Jacques Sainte-Marie is Inria's Deputy Director for Science of Inria, in charge of Environment, leading the work around environmental and energy issues. As an applied mathematician, he is dedicated to the modeling, analysis and numerical simulation of flows found in geophysics with applications to natural hazards.
His keynote at the Journées Scientifique Inria Chile 2022 will focus on the modeling of geophysical phenomena and his contribution of data models for the modeling of geophysical flows, the results obtained, the difficulties and scientific obstacles.
Information and communications technology (ICT) is at the heart of profound transformations in many fields: health, mobility, agriculture, industry, education, mobility, agriculture, industry, education... So, to limitate its environmental impacts is a challenge for research and particularly for Inria researchers. ICT is omnipresent in our lives and has direct and negative effects on the environment, such as the manufacture of digital tools, electricity consumption, and induced pollution… which now are documented (see, for example, Inria’s MOOC “Environmental Impacts of Digital Technology” –Its English version is available here ).
But that is not the case with indirect impacts of digital technology, which are very numerous and poorly understood. To clarify what is meant by indirect impacts, we can take the example of a sensor in a field which will alert of a deficiency of the plants or the development of a pathology. In addition to its manufacture and electrical consumption, the environmental balance of the sensor must also integrate the reduction of chemical products that it can generate; hence, the balance of the sensor is measured by the sum of the direct and indirect impacts.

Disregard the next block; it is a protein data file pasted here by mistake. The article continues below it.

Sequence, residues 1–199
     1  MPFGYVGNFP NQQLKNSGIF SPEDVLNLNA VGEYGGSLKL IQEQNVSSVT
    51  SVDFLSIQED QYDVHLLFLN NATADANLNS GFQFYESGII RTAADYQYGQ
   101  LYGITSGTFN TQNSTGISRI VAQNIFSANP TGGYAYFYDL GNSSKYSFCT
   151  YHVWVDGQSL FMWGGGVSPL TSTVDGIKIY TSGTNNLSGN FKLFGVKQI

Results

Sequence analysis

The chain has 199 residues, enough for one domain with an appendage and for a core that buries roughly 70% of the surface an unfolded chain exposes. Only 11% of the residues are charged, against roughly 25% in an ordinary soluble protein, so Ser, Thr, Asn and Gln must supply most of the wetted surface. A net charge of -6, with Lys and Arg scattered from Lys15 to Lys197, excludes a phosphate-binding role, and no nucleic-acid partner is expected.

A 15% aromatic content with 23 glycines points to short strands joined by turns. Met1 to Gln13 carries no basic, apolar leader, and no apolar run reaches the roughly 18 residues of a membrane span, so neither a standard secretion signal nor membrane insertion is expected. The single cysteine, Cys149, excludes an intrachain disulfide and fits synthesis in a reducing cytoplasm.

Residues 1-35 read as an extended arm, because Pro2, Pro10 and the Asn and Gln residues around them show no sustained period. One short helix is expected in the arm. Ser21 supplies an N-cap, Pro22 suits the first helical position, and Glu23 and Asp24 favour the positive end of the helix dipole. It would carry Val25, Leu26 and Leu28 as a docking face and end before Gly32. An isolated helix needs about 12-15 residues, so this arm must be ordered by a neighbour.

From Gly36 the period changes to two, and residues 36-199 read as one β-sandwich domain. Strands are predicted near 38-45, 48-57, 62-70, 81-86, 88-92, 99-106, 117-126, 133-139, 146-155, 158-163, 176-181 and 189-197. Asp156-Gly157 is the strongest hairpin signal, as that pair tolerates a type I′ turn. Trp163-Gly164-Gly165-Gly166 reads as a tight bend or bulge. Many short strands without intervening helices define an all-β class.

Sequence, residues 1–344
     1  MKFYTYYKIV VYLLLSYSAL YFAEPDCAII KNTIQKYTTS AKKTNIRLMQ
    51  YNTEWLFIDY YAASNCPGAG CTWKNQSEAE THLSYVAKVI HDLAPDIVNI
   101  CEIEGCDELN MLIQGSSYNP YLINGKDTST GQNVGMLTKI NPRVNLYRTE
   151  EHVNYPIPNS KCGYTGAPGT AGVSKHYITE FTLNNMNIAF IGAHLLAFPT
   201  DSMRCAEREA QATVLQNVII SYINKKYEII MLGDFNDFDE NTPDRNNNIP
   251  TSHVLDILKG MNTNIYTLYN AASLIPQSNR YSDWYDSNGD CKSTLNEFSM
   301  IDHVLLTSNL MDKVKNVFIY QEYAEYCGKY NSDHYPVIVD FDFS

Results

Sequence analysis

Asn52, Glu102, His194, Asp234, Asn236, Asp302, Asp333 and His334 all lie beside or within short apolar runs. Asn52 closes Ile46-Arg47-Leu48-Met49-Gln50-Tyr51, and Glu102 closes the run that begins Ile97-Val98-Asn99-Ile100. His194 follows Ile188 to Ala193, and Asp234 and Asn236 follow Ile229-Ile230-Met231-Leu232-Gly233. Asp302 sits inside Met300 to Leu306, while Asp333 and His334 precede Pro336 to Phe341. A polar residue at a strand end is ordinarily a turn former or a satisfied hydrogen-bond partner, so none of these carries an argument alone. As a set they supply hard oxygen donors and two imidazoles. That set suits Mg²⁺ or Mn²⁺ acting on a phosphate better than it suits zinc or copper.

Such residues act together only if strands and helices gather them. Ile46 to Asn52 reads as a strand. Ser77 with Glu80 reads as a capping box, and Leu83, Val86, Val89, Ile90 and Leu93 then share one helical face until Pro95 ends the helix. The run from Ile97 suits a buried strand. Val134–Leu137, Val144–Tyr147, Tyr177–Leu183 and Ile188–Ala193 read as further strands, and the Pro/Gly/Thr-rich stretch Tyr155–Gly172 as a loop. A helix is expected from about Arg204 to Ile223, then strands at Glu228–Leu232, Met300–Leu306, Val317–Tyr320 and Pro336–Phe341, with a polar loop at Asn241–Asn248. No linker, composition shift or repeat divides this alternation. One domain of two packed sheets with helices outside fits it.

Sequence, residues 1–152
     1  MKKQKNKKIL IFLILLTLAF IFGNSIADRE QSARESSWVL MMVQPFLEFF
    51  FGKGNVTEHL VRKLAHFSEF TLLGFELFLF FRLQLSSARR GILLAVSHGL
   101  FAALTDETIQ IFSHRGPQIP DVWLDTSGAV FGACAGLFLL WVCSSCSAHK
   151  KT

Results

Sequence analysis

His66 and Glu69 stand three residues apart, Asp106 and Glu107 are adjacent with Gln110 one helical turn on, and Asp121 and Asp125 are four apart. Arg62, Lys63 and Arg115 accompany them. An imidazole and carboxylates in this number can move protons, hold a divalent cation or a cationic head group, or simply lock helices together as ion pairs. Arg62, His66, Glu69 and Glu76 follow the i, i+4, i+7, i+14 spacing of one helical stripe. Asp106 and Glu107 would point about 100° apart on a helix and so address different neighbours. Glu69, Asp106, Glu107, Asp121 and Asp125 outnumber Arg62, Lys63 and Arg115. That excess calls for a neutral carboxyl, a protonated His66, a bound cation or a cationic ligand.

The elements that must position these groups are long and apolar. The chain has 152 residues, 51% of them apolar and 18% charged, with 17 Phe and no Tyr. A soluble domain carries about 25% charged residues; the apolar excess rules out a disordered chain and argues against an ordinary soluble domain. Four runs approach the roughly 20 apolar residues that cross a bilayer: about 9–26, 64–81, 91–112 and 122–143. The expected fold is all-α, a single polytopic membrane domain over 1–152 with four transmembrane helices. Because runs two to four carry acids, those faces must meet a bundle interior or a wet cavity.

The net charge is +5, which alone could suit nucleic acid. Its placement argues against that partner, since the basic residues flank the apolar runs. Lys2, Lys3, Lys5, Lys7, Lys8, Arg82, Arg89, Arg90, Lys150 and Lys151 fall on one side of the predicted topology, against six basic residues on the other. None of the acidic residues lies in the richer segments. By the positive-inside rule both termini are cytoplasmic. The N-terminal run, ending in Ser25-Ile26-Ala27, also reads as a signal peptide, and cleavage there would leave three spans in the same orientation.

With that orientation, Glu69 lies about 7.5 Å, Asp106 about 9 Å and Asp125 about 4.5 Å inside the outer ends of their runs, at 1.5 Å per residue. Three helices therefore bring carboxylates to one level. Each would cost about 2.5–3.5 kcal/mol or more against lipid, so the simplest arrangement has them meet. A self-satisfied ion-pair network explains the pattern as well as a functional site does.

For me the main stakes are:
Geophysical phenomena are often multi-scale and multi-physics, for instance, turbulence in ocean dynamics or the carbon cycle in the oceans; but the models we have to represent them are often mono-scale and mono-physics. We must work to enrich and extend the models we have while maintaining a reasonable complexity so that their studies can be possible. While models generally result from strong hypotheses –averaging, filtering– and often describe behaviors close to an equilibrium, the data contain a richness and diversity of information complementary to those provided by the modeling.
Man-made objects –like the Eiffel Tower, a boat, or an artificial heart –have a simple functioning compared to natural phenomena. The modeling of natural phenomena leads to models of great complexity and our tools for the analysis of these must be significantly developed.
Scientific research naturally evolves towards the necessary specialization to solve specific scientific questions; but the magnitude and systemic nature of the problems raised by climate change require multi-disciplinary approaches and the development of communities of researchers at the interfaces between two disciplines, such us ICT-energy or ICT-agriculture. Following the covid pandemic, the recovery plans launched in many countries must have this objective. It is urgent.
New paradigms are being created and Latin America has many assets: its demography; the richness of its cultures; its great sensitivity to the objectives of sustainable development, including the fight against climate change, the defense of biodiversity and the limitation of desertification. It also has a young, enthusiastic and educated population ready to commit and take up challenges.